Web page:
- With increasing number of tourists and motorboats joining dolphin tourism in Goa, the Indian Ocean humpback dolphins and the finless porpoises are facing unprecedented stress.
- This is adversely affecting their essential behaviour and social activities.
- Conservationists and managers want to bring regulation to dolphin tourism so that there are licences and prescribed guidelines for operators.
With the beginning of the New Year, thousands of tourists from all over the country and the world are pouring into Goa. The party capital of India is on a high, building up to the Carnival. However, it is not as if all denizens of Goa are happy about it. With motorboats whizzing over their heads, the excessive activity is causing stress to the Indian Ocean humpback dolphins (Sousa plumbea) and the finless porpoises (Neophocaena phocaenoides), found in the Goan waters.
One after another, boats filled with loud and boisterous tourists send them into a tizzy. With all their energy spent on finding safety, experts and conservationists say that these animals are too tired to hunt for food, socialise, mate, or escape propellers of fast-moving boats.
The Indian Ocean humpback dolphins Sousa plumbea do not venture out more than 500 metres from the coast and prefer being in shallow waters – up to 50 feet in depth – making Goa an ideal habitat for them. Hundreds of motorised fibre-reinforced plastic boats make their way to the shallow waters to spot dolphins, much to the amusement of tourists.
“Our first trip starts early in the morning – around 7.30am, and is the longest one of the day. It takes at least 90 minutes and up to two hours to spot a pod of dolphins,” said Thomas Silveriaa, a boat operator at Sinquerim beach in North Goa. “Once we spot them, we never let them go out of our sight for the entire day. We keep telling the next boat where the pod is.”
Reclassified to endangered
Taking cognizance of their decreasing numbers all over the world, the International Union for Conservation of Nature (IUCN), this year, reclassified these dolphins from ‘near threatened’ to ‘endangered’. “The factor primarily responsible for the decline is incidental mortality in small-scale coastal fisheries, but the loss, degradation and pollution of habitat in numerous coastal areas is a contributing and increasing factor. The threats have not been mitigated anywhere in the species’ range, even though threat levels are increasing virtually everywhere,” read their justification.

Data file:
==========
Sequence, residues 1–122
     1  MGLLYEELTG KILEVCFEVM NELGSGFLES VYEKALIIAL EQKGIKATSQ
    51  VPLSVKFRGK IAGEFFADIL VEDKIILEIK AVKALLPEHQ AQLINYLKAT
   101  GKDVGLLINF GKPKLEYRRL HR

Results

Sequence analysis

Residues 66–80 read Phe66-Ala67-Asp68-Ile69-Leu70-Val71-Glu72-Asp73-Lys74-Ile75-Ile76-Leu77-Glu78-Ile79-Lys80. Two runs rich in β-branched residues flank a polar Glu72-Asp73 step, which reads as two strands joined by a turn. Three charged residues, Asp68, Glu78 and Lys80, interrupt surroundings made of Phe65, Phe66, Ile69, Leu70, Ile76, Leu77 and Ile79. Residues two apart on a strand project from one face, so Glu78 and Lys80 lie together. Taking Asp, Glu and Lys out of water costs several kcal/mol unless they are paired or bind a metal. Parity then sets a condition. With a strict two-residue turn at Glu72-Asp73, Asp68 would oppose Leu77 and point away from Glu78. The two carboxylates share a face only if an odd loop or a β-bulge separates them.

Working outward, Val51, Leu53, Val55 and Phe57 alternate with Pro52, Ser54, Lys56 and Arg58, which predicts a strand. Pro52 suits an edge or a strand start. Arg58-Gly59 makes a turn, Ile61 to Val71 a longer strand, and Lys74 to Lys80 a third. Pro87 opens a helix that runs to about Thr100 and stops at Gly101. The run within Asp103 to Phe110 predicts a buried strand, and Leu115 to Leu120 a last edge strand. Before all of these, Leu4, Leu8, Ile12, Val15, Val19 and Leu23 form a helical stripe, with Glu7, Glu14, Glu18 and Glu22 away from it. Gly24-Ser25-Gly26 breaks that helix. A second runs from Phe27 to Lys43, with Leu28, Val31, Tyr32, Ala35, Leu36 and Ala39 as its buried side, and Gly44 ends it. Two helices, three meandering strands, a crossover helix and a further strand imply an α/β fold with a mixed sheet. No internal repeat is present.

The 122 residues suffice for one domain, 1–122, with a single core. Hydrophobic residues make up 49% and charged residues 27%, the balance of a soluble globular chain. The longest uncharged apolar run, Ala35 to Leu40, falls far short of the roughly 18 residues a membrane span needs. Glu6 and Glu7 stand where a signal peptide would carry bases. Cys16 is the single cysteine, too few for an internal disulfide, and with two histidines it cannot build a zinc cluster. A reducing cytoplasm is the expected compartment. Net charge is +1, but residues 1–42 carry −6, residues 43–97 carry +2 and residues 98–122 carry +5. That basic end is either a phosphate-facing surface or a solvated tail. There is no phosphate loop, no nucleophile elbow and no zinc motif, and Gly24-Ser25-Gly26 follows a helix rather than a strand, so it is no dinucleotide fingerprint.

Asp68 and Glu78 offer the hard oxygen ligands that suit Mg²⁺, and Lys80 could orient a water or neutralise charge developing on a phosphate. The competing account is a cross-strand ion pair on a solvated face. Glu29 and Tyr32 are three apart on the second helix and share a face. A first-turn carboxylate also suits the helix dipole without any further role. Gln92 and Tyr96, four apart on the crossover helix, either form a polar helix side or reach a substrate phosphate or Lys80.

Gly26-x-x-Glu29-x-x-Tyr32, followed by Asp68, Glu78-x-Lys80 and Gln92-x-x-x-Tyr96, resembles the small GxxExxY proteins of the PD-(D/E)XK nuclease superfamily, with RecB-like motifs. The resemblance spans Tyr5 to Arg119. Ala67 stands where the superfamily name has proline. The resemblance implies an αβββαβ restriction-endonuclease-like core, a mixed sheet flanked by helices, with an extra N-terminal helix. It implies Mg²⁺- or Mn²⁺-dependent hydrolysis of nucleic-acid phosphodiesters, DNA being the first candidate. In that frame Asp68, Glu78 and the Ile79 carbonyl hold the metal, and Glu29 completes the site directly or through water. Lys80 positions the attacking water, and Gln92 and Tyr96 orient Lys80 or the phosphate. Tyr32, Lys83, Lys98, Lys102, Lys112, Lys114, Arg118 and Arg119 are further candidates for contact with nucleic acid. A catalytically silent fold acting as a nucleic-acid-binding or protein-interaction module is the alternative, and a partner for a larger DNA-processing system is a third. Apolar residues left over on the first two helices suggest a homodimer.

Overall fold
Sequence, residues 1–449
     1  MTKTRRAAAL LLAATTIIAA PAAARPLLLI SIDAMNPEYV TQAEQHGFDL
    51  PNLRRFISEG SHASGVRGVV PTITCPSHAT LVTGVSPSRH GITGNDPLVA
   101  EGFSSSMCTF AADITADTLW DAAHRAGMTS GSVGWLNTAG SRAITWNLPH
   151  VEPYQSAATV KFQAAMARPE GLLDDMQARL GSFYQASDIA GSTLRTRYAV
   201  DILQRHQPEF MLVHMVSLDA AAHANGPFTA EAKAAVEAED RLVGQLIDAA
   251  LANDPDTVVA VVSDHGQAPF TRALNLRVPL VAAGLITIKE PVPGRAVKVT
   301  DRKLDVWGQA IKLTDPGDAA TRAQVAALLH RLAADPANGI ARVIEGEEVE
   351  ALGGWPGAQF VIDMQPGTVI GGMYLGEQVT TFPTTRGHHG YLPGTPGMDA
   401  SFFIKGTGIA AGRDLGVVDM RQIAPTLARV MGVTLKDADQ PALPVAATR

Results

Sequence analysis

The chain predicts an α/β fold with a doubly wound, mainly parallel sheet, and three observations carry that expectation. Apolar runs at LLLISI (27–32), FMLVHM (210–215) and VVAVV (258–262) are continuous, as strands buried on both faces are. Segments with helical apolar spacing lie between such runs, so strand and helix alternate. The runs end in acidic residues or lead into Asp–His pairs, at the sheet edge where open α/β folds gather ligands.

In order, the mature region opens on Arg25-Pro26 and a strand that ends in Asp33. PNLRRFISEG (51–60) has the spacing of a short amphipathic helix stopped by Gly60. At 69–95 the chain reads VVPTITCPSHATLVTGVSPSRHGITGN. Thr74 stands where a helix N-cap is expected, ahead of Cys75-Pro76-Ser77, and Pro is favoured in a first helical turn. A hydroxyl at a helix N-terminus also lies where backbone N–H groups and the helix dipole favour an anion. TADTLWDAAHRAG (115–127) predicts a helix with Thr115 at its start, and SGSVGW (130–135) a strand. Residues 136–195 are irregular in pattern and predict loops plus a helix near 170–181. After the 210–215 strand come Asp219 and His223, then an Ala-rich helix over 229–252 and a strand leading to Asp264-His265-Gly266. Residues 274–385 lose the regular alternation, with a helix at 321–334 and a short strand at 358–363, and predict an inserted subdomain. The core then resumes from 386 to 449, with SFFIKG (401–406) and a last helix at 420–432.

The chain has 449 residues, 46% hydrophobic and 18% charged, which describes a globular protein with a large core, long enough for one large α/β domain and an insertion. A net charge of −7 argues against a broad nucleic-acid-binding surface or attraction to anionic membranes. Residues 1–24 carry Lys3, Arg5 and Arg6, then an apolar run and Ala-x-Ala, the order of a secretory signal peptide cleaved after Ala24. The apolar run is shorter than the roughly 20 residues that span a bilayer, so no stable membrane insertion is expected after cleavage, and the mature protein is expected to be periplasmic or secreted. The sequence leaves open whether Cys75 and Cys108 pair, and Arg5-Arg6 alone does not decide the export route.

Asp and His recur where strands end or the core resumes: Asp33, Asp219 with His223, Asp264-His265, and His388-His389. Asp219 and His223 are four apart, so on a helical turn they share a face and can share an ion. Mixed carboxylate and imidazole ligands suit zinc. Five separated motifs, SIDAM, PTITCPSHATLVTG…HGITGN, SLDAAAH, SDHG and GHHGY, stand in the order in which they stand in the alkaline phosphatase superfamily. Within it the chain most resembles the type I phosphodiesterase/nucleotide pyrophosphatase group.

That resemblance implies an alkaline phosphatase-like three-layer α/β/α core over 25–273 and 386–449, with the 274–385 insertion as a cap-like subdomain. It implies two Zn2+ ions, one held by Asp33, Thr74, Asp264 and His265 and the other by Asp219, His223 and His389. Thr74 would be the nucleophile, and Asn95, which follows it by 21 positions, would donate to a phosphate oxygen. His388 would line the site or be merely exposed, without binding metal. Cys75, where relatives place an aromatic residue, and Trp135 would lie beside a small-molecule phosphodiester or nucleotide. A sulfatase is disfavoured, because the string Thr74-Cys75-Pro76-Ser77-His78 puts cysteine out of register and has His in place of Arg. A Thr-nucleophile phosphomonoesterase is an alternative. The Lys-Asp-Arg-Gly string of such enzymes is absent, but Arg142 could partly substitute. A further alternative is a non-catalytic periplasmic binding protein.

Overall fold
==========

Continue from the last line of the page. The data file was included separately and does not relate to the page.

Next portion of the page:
The Indian Government has listed these dolphins under a group of animals for which it is providing special support for conservation. However, the responsibility of protecting these dolphins seems to have fallen between the cracks of the Goan bureaucracy, leaving these creatures vulnerable.
More boats, less dolphins
Sinquerim Bay is where the Mandovi river meets the Arabian Sea. With a length 4 km and an average depth of 5 m, it is one of the most preferred places for dolphin spotting in Goa. Swarms of boats leave the bay every minute. Once they spot a pod, they rev up their engines to chase them. Once closer, they circle around the dolphins and go as close as possible. Some 148 boats operate out of this bay, says a member of Sinquerim-Candolim Boat Owners Association. “During peak season, as many as 100 boats are out at the same time. The pressure to spot dolphins is very high during these times as customers get very angry otherwise,” said Dominique Fernandes, an owner of two boats. “Until a short while ago, we had a money-back policy if we did not spot dolphins. But it has become too difficult to follow that,” he added.
At a cost of Rs 300 for a 45-minute trip into the sea, there is no dearth of tourists wanting to take a boat ride to see the dolphins. Official data shows that the overall number of tourists coming to Goa increased from 1.38 million in 2001 to 6.33 million in 2016 — an increase of 360 percent.
“In 1997-98, I don’t remember seeing more than a couple of boats taking tourists to spot dolphins. With more and more tourism coming, the numbers have increased dramatically,” said Goa-based marine ecologist Aaron Lobo. “However, the quality of tourism is very low. It is not around learning about the Indian Ocean humpback dolphins. People just want to see them jump and go back.”
Dolphin spotting became a business only around 12 to 13 years ago, say fishermen. “Before that, fishermen only took those who were seriously interested in seeing the animals. It was more opportunistic,” said Silveria.
According to Dipani Sutaria, who studied the issue in 2004 and later in 2015, the dolphin numbers have been dropping since the time dolphin-spotting became a business. Sutaria is a member of IUCN cetacean specialist group, and an adjunct senior research fellow at James Cook University, Australia. “In 2001-02, the sighting rate was 0.236 groups/km for humpback-dolphins and the total number of individuals counted was 842. Some 75 percent of these dolphin groups were sighted between Terekhol and Vasco, closer to the river mouths and 60 percent of sightings were in water depths of 6 to10 m. The only other species sighted was the finless porpoise,” she said.
“In November 2016, a quick coastal survey over three days between Telekhol and Madgaon, reported 27 groups with a sighting rate of 0.151 groups/km, a surprising drop in encounter rate. To ascertain this drop in numbers would require larger survey effort to confirm,” Sutaria said.
Tourism disturbs essential behaviour in dolphins
In a 2016 study, the IUCN and WWF-India observed three types of behaviour shown by boat operators: path cutting, chasing and circling of dolphins. More than 70 percent of the time dolphins were forced to change the direction in which they were swimming.